Drones: snow radars to help track climate change
Innovative airborne radars could soon be used to measure depth in New Zealand’s alpine areas, helping to predict avalanche risk and monitoring the impacts of climate change.
The technology, which uses tiny but powerful snow radars mounted on drones or helicopters, is being developed by a University of Canterbury-led team.
University of Canterbury School for Earth and Environment Associate Professor Wolfgang Rack says the radars send signals to the ground which bounce back providing information on the thickness of snow beneath.
This can be combined with satellite imagery, allowing the generation of 3D maps of snow load.
"The data provided by this technology, which is accurate to within just a few centimetres, could be used by ski fields, helping to predict avalanche risk and assess the safety of access roads in the mountains," says Associate Professor Rack.
"It could also be used to assess snowfall changes on glaciers, find the safest areas to ski and provide information on snow melt for hydro power generation."
A drone radar prototype has already been built by the team and tested over the past five years in shallow snow on Antarctic sea ice in a project funded by the Ministry for Business, Innovation and Employment (MBIE).
Associate Professor Rack and his team are now working on adapting this technology so it’s more suited to the New Zealand alpine environment.
"The world is losing snow at a record pace and we need snow data to manage these changes in our tourism, recreation and hydrology sectors.
"We believe the technology we have used in Antarctica can be adapted to provide highly accurate information on snow depth in alpine areas by using light but powerful radars that can be mounted on a drone or a helicopter.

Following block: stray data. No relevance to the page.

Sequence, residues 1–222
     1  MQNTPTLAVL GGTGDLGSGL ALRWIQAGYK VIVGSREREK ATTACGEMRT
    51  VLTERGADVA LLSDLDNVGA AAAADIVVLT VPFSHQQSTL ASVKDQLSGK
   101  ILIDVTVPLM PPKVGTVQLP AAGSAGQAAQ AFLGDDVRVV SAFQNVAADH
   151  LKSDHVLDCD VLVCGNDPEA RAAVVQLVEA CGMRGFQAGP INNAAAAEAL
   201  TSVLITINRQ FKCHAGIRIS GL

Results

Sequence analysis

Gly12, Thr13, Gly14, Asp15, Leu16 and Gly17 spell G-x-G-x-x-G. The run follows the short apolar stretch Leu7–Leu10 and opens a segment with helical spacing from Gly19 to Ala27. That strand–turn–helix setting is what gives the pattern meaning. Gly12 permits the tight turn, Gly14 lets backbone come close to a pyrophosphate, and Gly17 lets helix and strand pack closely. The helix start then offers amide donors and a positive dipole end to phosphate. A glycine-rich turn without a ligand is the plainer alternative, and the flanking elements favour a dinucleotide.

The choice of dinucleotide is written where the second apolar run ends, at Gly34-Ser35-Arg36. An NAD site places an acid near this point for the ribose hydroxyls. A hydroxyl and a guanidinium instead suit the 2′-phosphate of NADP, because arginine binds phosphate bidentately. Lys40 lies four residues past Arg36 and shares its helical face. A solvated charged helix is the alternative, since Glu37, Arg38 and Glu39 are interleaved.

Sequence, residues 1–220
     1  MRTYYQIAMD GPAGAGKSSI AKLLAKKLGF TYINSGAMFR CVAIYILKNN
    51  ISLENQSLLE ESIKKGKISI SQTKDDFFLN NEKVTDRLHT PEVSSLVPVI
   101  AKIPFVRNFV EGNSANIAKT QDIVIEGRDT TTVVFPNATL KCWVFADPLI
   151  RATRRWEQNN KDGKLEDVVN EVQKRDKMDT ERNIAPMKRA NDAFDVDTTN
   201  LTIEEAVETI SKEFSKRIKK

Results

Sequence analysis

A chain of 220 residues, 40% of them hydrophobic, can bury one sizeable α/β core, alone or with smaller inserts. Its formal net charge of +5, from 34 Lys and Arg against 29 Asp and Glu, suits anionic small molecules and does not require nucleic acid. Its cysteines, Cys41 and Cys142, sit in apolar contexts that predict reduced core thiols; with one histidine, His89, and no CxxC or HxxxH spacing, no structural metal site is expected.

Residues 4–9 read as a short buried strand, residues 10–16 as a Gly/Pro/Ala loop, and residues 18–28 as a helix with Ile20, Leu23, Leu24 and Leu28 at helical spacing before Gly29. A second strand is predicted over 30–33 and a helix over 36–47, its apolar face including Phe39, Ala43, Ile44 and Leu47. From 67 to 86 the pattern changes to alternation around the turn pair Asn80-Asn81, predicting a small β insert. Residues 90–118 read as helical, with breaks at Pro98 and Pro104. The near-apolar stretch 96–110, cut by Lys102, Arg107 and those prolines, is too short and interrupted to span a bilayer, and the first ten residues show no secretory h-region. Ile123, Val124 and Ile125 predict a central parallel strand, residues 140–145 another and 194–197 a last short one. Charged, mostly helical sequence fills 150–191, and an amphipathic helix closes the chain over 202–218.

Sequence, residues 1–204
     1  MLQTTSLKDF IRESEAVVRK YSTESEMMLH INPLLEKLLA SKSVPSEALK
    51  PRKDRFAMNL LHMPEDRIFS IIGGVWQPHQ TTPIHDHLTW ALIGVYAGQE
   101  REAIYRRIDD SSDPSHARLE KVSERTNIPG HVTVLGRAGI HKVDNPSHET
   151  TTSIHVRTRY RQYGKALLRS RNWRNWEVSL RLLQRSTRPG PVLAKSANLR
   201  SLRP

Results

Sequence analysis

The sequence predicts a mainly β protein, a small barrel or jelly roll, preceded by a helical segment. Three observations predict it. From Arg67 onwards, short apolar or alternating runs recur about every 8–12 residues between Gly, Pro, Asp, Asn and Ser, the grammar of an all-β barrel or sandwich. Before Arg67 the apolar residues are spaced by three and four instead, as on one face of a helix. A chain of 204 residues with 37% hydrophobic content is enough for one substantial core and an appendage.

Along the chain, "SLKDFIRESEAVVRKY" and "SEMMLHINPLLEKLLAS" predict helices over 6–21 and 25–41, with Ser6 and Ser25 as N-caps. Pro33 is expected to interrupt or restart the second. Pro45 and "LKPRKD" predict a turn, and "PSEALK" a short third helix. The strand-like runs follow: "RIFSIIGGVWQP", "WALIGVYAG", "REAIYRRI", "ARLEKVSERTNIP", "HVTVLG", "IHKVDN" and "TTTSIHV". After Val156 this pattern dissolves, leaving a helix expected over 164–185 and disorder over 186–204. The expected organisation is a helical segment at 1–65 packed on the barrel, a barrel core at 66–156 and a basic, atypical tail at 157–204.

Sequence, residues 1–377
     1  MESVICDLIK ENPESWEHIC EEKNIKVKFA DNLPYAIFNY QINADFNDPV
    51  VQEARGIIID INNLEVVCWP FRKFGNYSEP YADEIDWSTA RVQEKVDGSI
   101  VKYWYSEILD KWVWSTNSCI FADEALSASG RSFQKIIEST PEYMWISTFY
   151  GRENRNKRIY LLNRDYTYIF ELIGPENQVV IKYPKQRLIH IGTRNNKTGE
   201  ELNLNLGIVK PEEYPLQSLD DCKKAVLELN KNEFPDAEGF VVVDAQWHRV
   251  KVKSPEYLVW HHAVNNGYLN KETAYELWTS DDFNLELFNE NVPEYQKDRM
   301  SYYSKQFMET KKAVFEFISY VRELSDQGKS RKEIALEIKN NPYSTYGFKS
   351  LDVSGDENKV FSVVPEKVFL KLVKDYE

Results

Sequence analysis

"It’s more difficult in New Zealand because the snow is warmer here than in Antarctica and melt water in snow makes it more difficult to measure. But we’re confident we can come up with a new radar antenna that has enough energy to transmit deeper into warmer snow making it more effective and versatile for the challenging New Zealand conditions."
Associate Professor Rack is working with Adrian Tan at Lincoln Agritech, Kelvin Barnsdale at RF Engineering Services, and Associate Professor Heather Purdie, Paul Bealing, and Dr Adriel Kind, all from the University of Canterbury, on the project.
They are currently working on detailed plans for a prototype new antenna and adjustments to the software that controls the radar system.
Associate Professor Rack says they hope to build the final design and fly it before the end of winter, with testing to be carried out in the Arthur’s Pass area.
Associate Professor Rack says Christchurch’s location as the gateway city for Antarctic research operations and as a centre for alpine tourism makes the airborne radar research even more relevant.
"The business value of Antarctic operations in 2016 was estimated at $240 million a year for Christchurch and Canterbury and linked to 3700 jobs, and the value of Alpine tourism for Christchurch is probably similar or even higher. We hope that our project will be of benefit to both of these sectors."